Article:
Patients were not eligible for study enrollment if they had any of the following: active or uncontrolled infection; significant cardiovascular disease (uncontrolled hypertension, unstable angina, active congestive heart failure, myocardial infarction within the previous year, uncontrolled serious arrhythmia); prior malignancies, except for adequately treated basal cell or squamous cell skin cancer, in situ cervical carcinoma or other cancer for which the patient had been disease-free for five years; evidence of peripheral neuropathy; a history of seizures or use of phenytoin or phenobarbital prophylaxis; pneumonitis or uncontrolled large pleural effusions; uncontrolled diabetes mellitus; or pregnancy, lactation, or refusal to use effective contraception.
All study candidates were required to provide written informed consent as approved by local institutional review boards before initiation of any study procedures.
Paclitaxel and carboplatin (Bristol-Myers Squibb, Inc., Princeton, NJ) were obtained commercially. Paclitaxel was given as an intravenous infusion at 175 mg/m2 over three hours, followed by carboplatin (AUC of 5)30 intravenously over 30 minutes. Following carboplatin, CPT-11 (Pharmacia Corp., Peapack, NJ) was infused intravenously at 100 mg/m2 over 90 minutes. All three drugs were given on Day 1 of a 21-day cycle. Treatment continued at planned intervals of three weeks for six cycles or until patients had disease progression, developed unacceptable drug toxicity not responding to dosage modification or supportive therapy, or withdrew consent. Continuing treatment beyond six cycles was done at the discretion of the treating physician.
Prevention of paclitaxel reactions consisted of dexamethasone (20 mg orally) on the evening prior to chemotherapy and again on the morning of treatment and intravenous diphenhydramine (50 mg) and either cimetidine (300 mg) or ranitidine (50 mg) 30 minutes prior to paclitaxel. Cholinergic symptoms occurring during or shortly after receiving CPT-11 could be treated with intravenous or subcutaneous atropine (0.25–1 mg).31, 32 Intravenous administration of dexamethasone (10 mg), either ondansetron (32 mg) or granisetron (10 ug/kg), and lorazepam (1–2 mg) were suggested as components of the pretreatment antiemetic regimen. Oral dexamethasone (4 mg every 12 hours for 8 doses) was used prophylactically if ≥ Grade 2 arthralgias/myalgias occurred, with the addition of ibuprofen (600-800 mg four times per day) as needed. Patients were instructed to begin taking loperamide at the first sign of diarrhea that occurred ≥ 12 hours following CPT-11 administration. Prophylactic granulocyte colony-stimulating factor (G-CSF) was not allowed.
Dose Modifications for Toxicity
Toxicities were graded using the National Cancer Institute Common Toxicity Criteria, Version 1.0. As described in Table 1, doses of chemotherapy in subsequent cycles of treatment were to be adjusted according to the type and severity of toxicity observed in the prior cycle. Initiation of a subsequent cycle of chemotherapy was delayed until patients achieved an absolute neutrophil count ≥ 1.5 × 109/L and platelet count ≥ 100 × 109/L and had resolution of nonhematologic toxicities to ≥ Grade 1.
|NCI toxicity grade||Drug||Adverse Event|
|3||Paclitaxel||None||None||25 mg/m2||50 mg/m2||None|
|Carboplatin||1 AUCb||1 AUC||NAa||None||None|
|CPT-11||20 mg/m2b||None||NAa||20 mg/m2||20 mg/m2|
Prior to treatment, patients underwent medical history and physical examination, electrocardiogram, laboratory evaluation (complete blood count, serum chemistries, and pregnancy testing for women of childbearing potential), and baseline tumor measurements. The medical history, physical examination, and serum chemistries were repeated prior to each three-week cycle. Complete blood counts and assessments of adverse events were obtained weekly throughout treatment. Patients were to have on-study tumor evaluations every six weeks.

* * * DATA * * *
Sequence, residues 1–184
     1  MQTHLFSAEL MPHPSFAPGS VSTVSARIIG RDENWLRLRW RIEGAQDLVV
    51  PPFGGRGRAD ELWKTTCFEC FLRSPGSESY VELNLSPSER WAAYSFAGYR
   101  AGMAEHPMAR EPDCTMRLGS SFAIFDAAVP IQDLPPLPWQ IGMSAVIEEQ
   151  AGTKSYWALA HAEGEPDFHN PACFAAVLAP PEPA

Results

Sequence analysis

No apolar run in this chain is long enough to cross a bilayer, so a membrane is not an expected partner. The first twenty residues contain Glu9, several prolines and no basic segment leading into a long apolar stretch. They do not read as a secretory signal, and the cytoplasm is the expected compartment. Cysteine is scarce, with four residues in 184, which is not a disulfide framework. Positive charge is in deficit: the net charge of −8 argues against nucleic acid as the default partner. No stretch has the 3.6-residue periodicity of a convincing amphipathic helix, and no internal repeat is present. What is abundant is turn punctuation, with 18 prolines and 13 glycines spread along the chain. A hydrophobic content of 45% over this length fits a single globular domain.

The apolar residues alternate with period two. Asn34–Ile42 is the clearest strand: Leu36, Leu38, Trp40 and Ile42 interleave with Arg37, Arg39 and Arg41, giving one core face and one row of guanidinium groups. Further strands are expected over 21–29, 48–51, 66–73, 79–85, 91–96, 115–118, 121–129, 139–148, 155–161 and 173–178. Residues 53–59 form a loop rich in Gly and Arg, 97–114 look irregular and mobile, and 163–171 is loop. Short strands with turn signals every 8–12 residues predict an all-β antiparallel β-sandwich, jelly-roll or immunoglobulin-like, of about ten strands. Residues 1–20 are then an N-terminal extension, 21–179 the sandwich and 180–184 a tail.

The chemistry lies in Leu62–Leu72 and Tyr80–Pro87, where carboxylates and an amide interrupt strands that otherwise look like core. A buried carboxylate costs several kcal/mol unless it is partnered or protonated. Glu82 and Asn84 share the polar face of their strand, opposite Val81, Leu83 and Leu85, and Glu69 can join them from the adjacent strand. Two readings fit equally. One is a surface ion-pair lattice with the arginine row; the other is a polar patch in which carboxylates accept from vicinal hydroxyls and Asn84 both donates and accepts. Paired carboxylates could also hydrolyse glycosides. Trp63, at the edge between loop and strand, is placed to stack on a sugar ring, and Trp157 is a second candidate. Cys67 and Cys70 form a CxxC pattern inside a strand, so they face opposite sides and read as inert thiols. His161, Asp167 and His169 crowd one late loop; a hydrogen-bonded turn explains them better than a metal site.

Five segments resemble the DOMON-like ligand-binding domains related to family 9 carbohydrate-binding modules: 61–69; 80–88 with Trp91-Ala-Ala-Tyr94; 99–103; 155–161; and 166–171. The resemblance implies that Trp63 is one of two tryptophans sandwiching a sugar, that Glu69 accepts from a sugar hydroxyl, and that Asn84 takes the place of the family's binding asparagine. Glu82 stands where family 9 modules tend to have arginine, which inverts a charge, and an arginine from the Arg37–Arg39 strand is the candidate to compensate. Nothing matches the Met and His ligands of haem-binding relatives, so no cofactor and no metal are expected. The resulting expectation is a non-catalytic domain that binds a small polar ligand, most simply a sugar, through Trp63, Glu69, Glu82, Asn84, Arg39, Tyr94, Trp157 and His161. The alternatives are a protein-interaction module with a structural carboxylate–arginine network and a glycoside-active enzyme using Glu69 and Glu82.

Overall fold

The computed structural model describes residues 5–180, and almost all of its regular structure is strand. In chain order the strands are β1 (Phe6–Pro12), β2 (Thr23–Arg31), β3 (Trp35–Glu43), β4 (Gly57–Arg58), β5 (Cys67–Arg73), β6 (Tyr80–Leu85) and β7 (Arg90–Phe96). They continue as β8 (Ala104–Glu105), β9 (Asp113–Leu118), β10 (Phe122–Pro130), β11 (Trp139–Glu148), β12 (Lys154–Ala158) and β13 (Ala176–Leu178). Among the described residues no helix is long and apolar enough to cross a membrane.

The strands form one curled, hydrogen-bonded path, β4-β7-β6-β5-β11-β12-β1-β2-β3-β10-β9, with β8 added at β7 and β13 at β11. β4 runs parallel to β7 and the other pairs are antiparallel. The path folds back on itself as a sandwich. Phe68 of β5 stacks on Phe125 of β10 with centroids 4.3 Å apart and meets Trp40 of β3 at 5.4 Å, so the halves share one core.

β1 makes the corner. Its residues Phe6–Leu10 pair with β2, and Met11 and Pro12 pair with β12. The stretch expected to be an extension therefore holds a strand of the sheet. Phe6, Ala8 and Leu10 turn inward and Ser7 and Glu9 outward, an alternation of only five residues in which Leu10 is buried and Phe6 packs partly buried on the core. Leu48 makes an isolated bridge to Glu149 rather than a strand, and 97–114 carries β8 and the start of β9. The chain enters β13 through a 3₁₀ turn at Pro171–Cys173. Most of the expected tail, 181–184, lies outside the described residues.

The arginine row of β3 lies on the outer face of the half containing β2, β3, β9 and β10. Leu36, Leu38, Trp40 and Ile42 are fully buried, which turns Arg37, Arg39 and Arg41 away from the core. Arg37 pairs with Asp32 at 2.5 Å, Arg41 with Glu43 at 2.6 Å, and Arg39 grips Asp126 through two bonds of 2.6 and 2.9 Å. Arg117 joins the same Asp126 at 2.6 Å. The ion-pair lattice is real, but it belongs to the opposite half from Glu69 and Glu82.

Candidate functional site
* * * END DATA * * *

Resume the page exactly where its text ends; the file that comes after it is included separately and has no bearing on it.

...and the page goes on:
Tumor response was assessed according to modified World Health Organization criteria (i.e., measurable disease, evaluable disease, nonevaluable disease; complete response, partial response, stable disease [including the subset of minor responses, comprising ≥ 25% but <50% reduction in tumor area], and progressive disease).33 Tumors were reassessed during treatment using the same imaging method used to establish baseline tumor measurement. Previously irradiated lesions were excluded from evaluation for tumor response. Whenever possible, patients with evidence of tumor response were to have confirmation within four to six weeks after the initial documentation of response. In addition, time to response, duration of response, time to tumor progression, and survival were determined.
Patient characteristics, treatment administration, the safety profile of the combination, and response rate by baseline patient characteristics were characterized using descriptive statistics. The 95% confidence intervals (CI) for the estimated response rates were calculated using the binomial distribution. Time-to-event probability curves and the probability of survival at one and two years were estimated using Kaplan-Meier methods.
A total of 40 patients were enrolled between February 1998 and March 1999. Followup information was collected through November 2000. All 40 patients were evaluable for toxicity while 38 were evaluable for tumor response. The characteristics of the patient population included in the current study are shown in Table 2. The median age was 58 years (range, 32–79) among the 23 men (58%) and 17 women (42%). Performance status was relatively good (0–1) for most patients; only one patient (3%) had a baseline performance status of 2. The majority of the patients (75%) had Stage IV disease. None of the patients had received prior chemotherapy. Eleven patients (28%) had undergone a previous surgical resection while 8 (20%) had received prior radiotherapy. Forty-eight percent of patients had two or more sites of measured metastatic disease, with the lung being the predominant site of measurable disease.
|Parameter||n = 40|
|Median age, years [range]||58 [32–79]|
|Baseline performance status (%)|
|Stage, n (%)|
|Prior treatment, n (%)|
|Surgical resection||11 (28)|
|Number of measured metastatic sitesa (%)|
|> 2||4 (10)|
|Common sites of measurable diseasea (%)|
|Lymph nodes||16 (40)|
|Soft tissue||1 (3)|